Sean PribylSean is a business attorney in Holland & Knight’s Washington DC office, where he focuses his practice on maritime regulatory compliance matters, international law and trade, autonomous transportation (including autonomous vessels), marine claims, civil litigation and dispute resolution, Jones Act compliance, and white-collar criminal law. Sean has more than 25 years’ combined experience in the transportation sector as a commercial marine operator, federal regulator, international maritime and trade attorney, active-duty military attorney, federal prosecutor, and international protection and indemnity (P&I) club marine insurer. He is an internationally recognized thought leader on Shipping 4.0 and assists clients on the use of autonomous vessels and novel technologies in the maritime sector. He is also a regular speaker at international conferences and seminars on topics related to maritime law and advanced automation in the transportation sector. Sean is a widely published author and contributed to the recently released Scandinavian Institute of Maritime Law treatise Autonomous Ships – Legal Issues. He is also the author of Regulating Drones in Maritime and Energy Sectors in the Handbook of Unmanned Aerial Vehicles. Outside the law firm, Sean is a member of the National Academies of Sciences Marine Board, where he leads the subcommittee on MASS and e-navigation. He served as a committee member to the recently published Consensus Report Leveraging Unmanned Systems for Coast Guard Missions, serves on the Comité Maritime International MASS International Workgroup, Association for Unmanned Vehicle Systems International Unmanned Maritime Systems Advocacy Committee, and is chair of the Maritime Law Association of the United States Regulation of Vessel Operations, Safety, Security and Navigation: Maritime Autonomous Surface Ships subcommittee. Sean is a graduate of the United States Merchant Marine Academy, Washburn University School of Law and United States Naval War College.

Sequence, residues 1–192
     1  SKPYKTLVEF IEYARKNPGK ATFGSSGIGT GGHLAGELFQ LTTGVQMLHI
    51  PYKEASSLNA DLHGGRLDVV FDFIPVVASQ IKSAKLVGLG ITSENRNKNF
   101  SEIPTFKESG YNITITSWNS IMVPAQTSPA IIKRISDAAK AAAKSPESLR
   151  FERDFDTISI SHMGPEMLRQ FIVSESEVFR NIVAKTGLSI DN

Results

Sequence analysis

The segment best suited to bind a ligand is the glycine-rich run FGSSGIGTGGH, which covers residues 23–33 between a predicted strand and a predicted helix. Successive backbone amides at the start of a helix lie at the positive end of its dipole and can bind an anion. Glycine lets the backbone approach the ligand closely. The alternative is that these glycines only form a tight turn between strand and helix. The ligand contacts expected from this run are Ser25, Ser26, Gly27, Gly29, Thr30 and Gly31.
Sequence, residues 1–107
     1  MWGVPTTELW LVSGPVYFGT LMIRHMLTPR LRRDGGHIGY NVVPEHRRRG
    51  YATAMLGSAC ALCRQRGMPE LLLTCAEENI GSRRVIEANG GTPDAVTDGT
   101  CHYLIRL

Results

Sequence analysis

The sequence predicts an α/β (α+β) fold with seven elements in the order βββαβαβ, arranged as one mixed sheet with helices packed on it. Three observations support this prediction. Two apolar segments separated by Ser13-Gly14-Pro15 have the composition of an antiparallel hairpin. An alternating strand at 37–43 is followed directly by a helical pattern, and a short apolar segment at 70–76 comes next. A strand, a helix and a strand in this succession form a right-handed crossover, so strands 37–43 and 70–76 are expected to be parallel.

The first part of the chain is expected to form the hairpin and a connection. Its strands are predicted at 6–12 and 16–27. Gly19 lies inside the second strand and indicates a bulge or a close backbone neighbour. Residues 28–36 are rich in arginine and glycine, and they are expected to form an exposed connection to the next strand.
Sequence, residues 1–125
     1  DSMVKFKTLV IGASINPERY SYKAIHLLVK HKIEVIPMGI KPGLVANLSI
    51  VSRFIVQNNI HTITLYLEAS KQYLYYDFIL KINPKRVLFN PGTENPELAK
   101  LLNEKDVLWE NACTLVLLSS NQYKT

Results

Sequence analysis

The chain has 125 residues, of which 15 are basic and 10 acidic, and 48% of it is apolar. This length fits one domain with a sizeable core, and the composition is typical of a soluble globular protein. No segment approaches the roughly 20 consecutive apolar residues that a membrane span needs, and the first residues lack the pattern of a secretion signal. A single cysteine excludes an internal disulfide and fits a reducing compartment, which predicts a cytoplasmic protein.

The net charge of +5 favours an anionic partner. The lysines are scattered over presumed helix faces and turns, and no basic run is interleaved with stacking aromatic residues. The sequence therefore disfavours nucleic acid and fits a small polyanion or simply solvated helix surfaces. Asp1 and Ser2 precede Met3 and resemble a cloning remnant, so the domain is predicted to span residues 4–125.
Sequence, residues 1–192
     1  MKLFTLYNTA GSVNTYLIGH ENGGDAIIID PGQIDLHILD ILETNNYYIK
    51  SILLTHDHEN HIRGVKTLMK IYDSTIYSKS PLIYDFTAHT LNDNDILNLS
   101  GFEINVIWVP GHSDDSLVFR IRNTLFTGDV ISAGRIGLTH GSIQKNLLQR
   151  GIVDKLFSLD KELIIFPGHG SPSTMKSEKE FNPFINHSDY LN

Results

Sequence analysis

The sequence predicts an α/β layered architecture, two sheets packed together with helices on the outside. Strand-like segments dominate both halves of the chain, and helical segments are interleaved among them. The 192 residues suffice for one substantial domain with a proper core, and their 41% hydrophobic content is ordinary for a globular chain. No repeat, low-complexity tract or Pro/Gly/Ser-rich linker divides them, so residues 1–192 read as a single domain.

The role of counsel in building the business case for autonomy, with views from the United States
Modernizing the maritime industry is a sea change that may offer more sustainable solutions related to economics, environmental impact and societal benefits. However, it brings a new set of legal challenges as innovation will affect regulatory and legal compliance, liabilities, design, operations, safety and security. This session will explore the business cases for introducing uncrewed, optionally manned or AI-enhanced system technologies into maritime commercial and military operations and why ‘experience matters’, including a discussion on the key legal and regulatory considerations in the maritime space. This session will also explore the role of counsel in emerging areas of regulatory oversight in the aftermath of the IMO Regulatory Scoping Exercise MSC 103 meetings and what this means for legal obligations going forward, with a focus on the emerging US markets.